Food, air, water-all could be produced synthetically. Life, if one only obeyed Baron Karza (and why not? He made no unreasonable demands) was self-perpetuating. The cries of the Scum-- the lower-levelers-never reached the fashionable pleasure palaces of the rich…and besides, what good were the lower-levelers save as raw material for the Body Banks, organs for use in regeneration? All of Karza's military exercises were carried out by the subjugated races of other worlds…the Acroyears, for instance, and the Insectivorids. There were only three things Karza feared-the Royal family of Homeworld, still hold onto their traditional places as the conscience of their world; mortal, never having chosen regeneration as a slap in the face to Karza; a reminder, as it were, of the forgotten promise of the past. Karza was in the process of eliminating them. Second were the Shadow Priests. Having first appeared over a thousand years later, that moment has still not come - and Karza cannot understand his strange inability to take action against a force that, he feels, is outside of and inferior to his science. Thirdly is… the unknown. What cannot be explained, analyzed, rationalized must, according to Karza, be destroyed. There is a presence in the Microverse of which Karza has slowly become aware during his thousand-year reign. He can neither find nor define it. He can only fear…and seek to annihilate…all those who seem to be touched by the presence. But the presence-in its physical manifestation as Time Traveler (I'm not going to give away his mind-blowing secret here) - has reached out to others whom either circumstance or desire has forced to defy Karza… …and thus, the Mirconauts were born.The original team, called the Mirconauts will be made of: SPACE GILDER-Commander Rann. The original Micronaut, dispatched into space during Homeworlds's Golden Age…his body in suspended animation, his mind linked to a robiod-computer called BIOTRON…and returned at the apex of its desolation. Sized by Karza and thrown into the Gladiatorial Pens, he meets… GALACTIC WARRIOR-Ja'an, the Insectivorid, master thief and master of weaponry. A cocky, brash battler who's formed a partnership with… ACROYEAR-one of the fierce Spartan-like warrior race whose planet has been forced to submit to Baron Karza. Cold, emotionless, yet fiercely loyal, Acroyear seems more machine-like than…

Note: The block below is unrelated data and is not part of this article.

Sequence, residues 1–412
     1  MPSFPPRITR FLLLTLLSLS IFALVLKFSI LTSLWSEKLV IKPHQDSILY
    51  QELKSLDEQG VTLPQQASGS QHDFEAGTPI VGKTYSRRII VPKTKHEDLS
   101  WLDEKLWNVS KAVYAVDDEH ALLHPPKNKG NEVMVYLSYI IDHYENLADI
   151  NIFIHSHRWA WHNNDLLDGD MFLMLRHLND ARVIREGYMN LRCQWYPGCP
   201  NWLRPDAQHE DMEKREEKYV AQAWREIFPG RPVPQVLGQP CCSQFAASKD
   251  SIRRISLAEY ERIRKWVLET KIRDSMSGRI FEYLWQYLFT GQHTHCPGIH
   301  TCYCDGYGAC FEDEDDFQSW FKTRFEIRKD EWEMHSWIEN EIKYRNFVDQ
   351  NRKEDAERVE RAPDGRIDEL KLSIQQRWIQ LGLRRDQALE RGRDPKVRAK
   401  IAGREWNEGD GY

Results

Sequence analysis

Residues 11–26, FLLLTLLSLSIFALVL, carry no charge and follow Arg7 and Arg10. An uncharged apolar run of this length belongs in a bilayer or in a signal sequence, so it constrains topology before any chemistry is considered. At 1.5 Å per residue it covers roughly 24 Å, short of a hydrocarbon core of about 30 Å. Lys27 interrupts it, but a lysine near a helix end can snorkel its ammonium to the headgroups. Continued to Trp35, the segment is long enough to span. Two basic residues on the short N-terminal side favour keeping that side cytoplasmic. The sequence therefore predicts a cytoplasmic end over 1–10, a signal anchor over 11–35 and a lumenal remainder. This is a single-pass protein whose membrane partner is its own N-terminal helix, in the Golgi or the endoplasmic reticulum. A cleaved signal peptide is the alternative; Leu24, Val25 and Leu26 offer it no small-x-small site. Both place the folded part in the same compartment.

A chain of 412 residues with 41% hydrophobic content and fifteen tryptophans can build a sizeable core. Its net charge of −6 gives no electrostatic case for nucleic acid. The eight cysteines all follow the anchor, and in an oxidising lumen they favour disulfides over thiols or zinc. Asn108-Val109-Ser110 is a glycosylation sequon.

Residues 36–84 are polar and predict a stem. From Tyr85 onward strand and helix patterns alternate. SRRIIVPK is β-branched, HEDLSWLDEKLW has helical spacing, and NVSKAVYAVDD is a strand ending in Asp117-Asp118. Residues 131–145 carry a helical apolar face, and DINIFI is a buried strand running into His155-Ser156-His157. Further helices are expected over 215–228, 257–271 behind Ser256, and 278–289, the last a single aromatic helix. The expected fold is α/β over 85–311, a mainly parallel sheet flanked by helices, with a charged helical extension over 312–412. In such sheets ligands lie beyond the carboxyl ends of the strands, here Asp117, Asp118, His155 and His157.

BIOTRON-the roboid that shared Commander Rann's consciousness during their thousand-year sojourn in space. And, complementing Biotron is… MICROTRON-a personal roboid, jester, tutor, and servant to… MARIONETTE-Princess Mari, last remaining member of the Royal Family of Homeworld, hating Baron Karza and committed to the rescue of her brother from Karza's Body Banks and the restoration of her world. United by the Time Traveler, for motives none of them can guess, the Mirconauts recapture Commander Rann's ship and flee the Microverse…to Earth.There, the presence of the Microverse causes ripples of concern throughout the military-industrial complex…and a promise of cosmic diversity to us normal folk. A few postscripts should be added here: While the Micronauts will shuttle back and forth, the main action of the book will take place amidst the immensity of the Microverse.In tone it will be more Space Fantasy than Science Fiction-a genre I've wanted to work in since "The Sword in the Star" in Marvel Preview.